Remember a couple of days ago when I suggested that dining on ethnic food might be a good way to eat in a healthy manner? After three days of not very good dinners, John and I have decided that maybe we should rethink our strategy.
Tonight we had Mexican food at a casino restaurant. I ordered shrimp fajitas. It had some sort of weird sauce on it which did not taste the way fajitas are supposed to. It came with a plate of accompaniments which were lettuce, tomatoes, rice, and refried beans. I rescued the shrimp from the fajita plate and put them on the accompaniments plate. I gave John the guacamole and told the server not to include sour cream or cheese on my entree.
The chips and salsa were good as was the guacamole. It figures that the things I want to avoid are the only items worth eating. It might be better for us to follow what we call Utah rules for the rest of our vacation. The Utah Rule states that one should only order meals with the fewest possible steps. In other words a steak is a better bet than shrimp fajitas.
Today is a day of hard choices. Restaurants along the US 50, the loneliest highway in America, are few and far between. We end up grabbing fast food which is never a good choice. Tonight for dinner we are trying to find something that will be tasty as well as not blow the healthy eating budget. We settle on Mr. Gino’s Italian restaurant in Ely, NV.
When we get there only three other tables are occupied. I am glad of that since we can sit far away from other people. I am still not totally comfortable with being indoors with strangers. The menu is full of traditional type Italian-American food. I choose the shrimp arrabbiata which is one of the few things that does not come in a butter, oil, or cream sauce. I get an enormous portion of linguine with five large shrimp in a spicy tomato sauce. Oddly it has melted cheese on top.
Trying to avoid the cheese, I dig around for the shrimp and eat a little of the pasta. I cannot avoid the breadstick though. I give the food and my effort to eat reasonably both about a C-. Eating on this trip is turning out to be more difficult than I imagined it would be.
My shrimp arrabbiata, lower right and John’s lasagna, upper left
We have planned to go out to dinner and have pho, a Vietnamese soup. It is a clear but hearty broth with vegetables, noodles, and the meat or not meat of your choice. The internet says it is open until 9 PM but when we get there they are not serving anything but take-out after 7 PM.
We switch gears and try to find something nearby that will be open because at this point it is going on 8 PM. We decide to eat at a Chinese restaurant and order our pre-diet usual, moo shu pork and Mongolian beef. I wish I could say I made a better choice or even fought for a better choice but I was tired and hungry and it was obviously not my fault!
Left, Mongolian beef and upper right, moo shu pork
If you are like me you are yearning to get out of the house and into the world of traveling again. We are wetting our toes with a road trip. Trying to eat reasonably is difficult. It takes a combination of choosing well and some amount of will power. I have a number of rules that I follow to help me along.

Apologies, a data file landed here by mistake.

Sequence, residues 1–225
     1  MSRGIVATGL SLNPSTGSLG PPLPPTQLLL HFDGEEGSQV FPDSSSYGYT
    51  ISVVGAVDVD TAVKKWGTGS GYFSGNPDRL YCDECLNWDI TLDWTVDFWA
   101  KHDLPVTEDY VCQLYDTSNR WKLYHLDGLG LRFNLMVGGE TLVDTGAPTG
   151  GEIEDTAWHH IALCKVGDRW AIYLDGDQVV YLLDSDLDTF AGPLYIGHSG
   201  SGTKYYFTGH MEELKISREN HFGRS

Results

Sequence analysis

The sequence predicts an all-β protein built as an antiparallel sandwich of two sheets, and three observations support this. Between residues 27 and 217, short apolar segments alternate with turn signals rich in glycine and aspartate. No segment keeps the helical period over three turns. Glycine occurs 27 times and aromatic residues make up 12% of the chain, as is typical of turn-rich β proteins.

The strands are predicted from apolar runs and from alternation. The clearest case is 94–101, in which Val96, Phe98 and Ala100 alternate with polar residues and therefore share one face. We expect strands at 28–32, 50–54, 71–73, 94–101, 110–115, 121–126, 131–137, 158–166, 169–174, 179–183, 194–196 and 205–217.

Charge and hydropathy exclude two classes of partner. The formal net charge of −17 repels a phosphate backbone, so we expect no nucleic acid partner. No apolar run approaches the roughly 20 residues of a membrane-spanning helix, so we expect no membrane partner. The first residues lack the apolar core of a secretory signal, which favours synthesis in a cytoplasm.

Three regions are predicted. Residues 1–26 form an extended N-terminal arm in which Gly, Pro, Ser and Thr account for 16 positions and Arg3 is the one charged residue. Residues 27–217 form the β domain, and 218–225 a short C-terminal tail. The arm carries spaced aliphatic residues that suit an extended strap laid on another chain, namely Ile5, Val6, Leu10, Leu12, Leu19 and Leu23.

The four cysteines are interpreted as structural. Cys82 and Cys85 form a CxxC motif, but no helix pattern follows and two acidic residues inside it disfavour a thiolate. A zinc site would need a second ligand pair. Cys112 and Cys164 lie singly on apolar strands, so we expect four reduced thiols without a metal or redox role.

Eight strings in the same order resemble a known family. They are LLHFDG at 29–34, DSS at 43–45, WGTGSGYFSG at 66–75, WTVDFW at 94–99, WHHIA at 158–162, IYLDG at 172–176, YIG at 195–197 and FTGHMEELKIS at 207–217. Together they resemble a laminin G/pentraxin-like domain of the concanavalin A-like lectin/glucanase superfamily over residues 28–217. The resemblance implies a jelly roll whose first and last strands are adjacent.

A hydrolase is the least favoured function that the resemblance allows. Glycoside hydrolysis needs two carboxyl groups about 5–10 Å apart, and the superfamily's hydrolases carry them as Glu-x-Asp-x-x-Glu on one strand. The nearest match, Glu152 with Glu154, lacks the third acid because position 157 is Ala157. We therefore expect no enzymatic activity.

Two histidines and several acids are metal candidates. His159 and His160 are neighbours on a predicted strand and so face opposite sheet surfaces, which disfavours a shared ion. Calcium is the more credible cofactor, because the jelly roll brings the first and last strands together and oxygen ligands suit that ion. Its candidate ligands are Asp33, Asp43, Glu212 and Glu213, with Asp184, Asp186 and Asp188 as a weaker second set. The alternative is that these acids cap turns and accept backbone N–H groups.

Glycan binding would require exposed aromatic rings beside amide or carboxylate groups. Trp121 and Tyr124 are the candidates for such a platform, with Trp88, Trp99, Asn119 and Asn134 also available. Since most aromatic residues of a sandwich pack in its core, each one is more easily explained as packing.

1. Do some sort of exercise every day. This can be as simple as taking a walk. If you are out sightseeing and walking is involved that counts too!
2. Base your meals around vegetables, seafood, and chicken.
3. Don’t eat anything fried. Crispy means fried.
4. If you enjoy alcohol do not drink at lunch. Save your drink for dinner. And no umbrella drinks!
5. If you must eat a dessert save it for a special time when it can be all alone in its glory, not after you have already eaten a big meal.
I am not saying that these strategies will have you losing weight while you are on vacation but it will keep you close to not gaining a bunch of weight that you will agonize over later. John and I once took a car trip from California to Massachusetts and back again over several weeks eating three meals a day mostly in restaurants and at the end of it, following these rules, I lost 6 lbs! I have been on a cruise for two weeks and managed to stay the same. It can be done!
So, how am I doing today? For lunch we went to a Thai restaurant and had a spicy basil dish with vegetables and tofu. There were a couple of surprises such as complimentary spring rolls (fried) and a fried wonton. I am not perfect. I took one bite of each and then offered it to John. He happily ate it. At over 6’4″ he can eat a lot more than I can. I ate all the vegetables and tofu, a little of the rice, and all the lettuce with its unfortunate dressing.
Thai spicy vegetables and tofu with rice, salad, and some fried surprises
Dining out at ethnic restaurants is often a good choice. There are more vegetarian dishes and often the food is not fried or served in gigantic portions. For dinner we tried a Mexican restaurant. We had perused the menu on line, something that I always try to do so I am not swayed by the handsome fried entree with its attractive picture on the first page of the menu. John chose camarones a la diabla, a spicy shrimp dish that came with rice, beans, and tortillas.